By: Eutychus Yamikani….
The shire river drains Lake Malawi to the south with the giant lake as its head waters; the Shire is already a muscular river at its origin, Mangochi (travelmalawi.com).
It is the north-south axis of southern Malawi and through history it has functioned as a umbilical cord of the evolving country.
People and trade goods, formative influences on the region, travelled up this silver ribbon of water-Eastern traders and ivory hunters, Portuguese explorers, Zulu impi, Arab slavers and their arch enemy, the Scots missionary explorer, Dr David Livingstone, often credited with laying the groundwork for the country that was to become modern Malawi.
He was, in turn, followed by a stream of missionaries and businessmen.
Heading south from the Lake, the Shire River spreads into a lake of its own making a shallow Lake Malombe, before picking up speed across the uneven floor of the Great Rift Valley.
From Lake Malombe to almost the outskirts of the town of Liwonde, the river cuts through the western edge of Liwonde National Park.
The river is at once the focus and mainstay of the park. In the west season, when roads are impassable, the Shire provides access to the park on powerboats and specially designed riverboats.
In the dry season, its strong perennial waters provide green flood plains of winter forage and water for the parks animals .
Mvuu Lodge (trans: Hippopotamus lodge) is built on the most spectacular riverbank site in the park, with views fringed with palm, fig and fever trees against the distant backdrop of the blue Rift valley wall.
Elephants splash knee deep in reeds, and hippos honk and yawn in the shallows. Secreted elsewhere in the woodlands and thickets behind the lodge are the rest of the Big Five, but with four hundred species of birds already recorded in the park, you might not have time to look for them.
Liwonde, Rhino and translocation (taking stock of success) Liwonde, when Livingstone was still exploring the areas, was known as a hunting paradise by the locals.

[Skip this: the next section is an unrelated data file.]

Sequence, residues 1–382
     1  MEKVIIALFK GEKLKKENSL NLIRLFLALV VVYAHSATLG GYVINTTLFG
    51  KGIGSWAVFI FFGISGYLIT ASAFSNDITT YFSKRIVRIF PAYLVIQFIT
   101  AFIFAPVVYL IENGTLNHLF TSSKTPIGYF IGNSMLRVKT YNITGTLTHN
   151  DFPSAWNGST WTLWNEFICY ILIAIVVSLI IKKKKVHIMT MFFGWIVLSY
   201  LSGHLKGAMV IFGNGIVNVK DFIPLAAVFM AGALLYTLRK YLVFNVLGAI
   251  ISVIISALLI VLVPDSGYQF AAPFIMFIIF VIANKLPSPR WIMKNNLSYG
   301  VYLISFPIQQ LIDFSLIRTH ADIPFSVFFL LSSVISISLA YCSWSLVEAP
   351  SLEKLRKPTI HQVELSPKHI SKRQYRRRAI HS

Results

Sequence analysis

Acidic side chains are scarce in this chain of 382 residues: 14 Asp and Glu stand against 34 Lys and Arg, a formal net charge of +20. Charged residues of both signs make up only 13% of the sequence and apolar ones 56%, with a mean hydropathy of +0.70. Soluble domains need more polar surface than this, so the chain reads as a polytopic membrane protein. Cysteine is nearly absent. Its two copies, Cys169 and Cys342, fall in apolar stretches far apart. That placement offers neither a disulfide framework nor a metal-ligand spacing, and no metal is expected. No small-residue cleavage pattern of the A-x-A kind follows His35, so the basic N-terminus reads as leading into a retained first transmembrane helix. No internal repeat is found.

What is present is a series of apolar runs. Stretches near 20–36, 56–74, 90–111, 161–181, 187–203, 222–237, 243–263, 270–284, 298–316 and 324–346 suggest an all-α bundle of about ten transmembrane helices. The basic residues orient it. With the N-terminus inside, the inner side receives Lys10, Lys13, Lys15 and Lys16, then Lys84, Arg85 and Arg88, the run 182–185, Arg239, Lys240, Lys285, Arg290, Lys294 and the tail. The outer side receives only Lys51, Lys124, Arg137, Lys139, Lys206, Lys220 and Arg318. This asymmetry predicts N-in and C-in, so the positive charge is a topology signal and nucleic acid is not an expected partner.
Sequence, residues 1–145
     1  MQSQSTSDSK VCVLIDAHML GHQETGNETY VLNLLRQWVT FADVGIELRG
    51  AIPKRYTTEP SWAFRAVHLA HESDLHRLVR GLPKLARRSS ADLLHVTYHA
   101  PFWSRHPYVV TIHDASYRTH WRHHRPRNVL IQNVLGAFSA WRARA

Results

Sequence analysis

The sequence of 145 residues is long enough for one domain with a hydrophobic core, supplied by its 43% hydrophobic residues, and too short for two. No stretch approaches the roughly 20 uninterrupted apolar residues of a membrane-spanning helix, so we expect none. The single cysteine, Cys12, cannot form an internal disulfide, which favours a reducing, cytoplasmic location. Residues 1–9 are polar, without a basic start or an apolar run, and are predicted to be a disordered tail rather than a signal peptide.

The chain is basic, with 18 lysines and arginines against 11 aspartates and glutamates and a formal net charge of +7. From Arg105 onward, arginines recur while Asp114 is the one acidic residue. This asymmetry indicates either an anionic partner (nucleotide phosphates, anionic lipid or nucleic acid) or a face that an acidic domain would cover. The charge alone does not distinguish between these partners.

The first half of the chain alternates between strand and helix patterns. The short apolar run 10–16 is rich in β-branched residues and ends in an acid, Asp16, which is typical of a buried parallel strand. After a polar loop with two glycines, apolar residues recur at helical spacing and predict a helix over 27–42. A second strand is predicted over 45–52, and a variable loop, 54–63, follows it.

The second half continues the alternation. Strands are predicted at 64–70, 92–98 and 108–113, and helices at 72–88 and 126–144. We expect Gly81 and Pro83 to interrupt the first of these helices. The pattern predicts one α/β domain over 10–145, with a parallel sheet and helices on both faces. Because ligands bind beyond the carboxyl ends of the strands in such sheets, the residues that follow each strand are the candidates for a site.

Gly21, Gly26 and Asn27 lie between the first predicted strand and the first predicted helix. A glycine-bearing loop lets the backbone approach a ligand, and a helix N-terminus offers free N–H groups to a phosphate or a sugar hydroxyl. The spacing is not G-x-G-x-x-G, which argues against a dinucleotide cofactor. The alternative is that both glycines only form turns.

Rare elephant hunting classics were written about the prolific wildlife on the Shire’s riverbanks as early as 1868.
This resulted in the loss of nearly all larger mammal species by the turn of the century.
With Malawi’s independence wiser counsel prevailed; conservation became the target.
Liwonde as unique riverine areas was declared a National park in 1979 and ambitious translocation started into the park of many of the original species.
In the late nineties a breeding pair of black rhino was re-introduced and there are more than five of that species.
Other species too have multiplied very successfully to the extent that Liwonde now supplies animals to the newest conservation areas in Malawi, such as Majete.
And now in a remarkable conservation turnaround and awake of illegal elephant poaching for its tusk, Malawi will come the first country in southern Africa to conduct a biggest translocation of elephant.
When To Visit..
Malawi is always beautiful. The cooler months (May to August/September) are more comfortable for travelers from the northern hemisphere, but the lush, green summer (November to April) is also a good time to visit if due care is taken to avoid mosquito bites. May and June combine the best of both seasons-cooler, still green with great visibility-and are especially good for photography.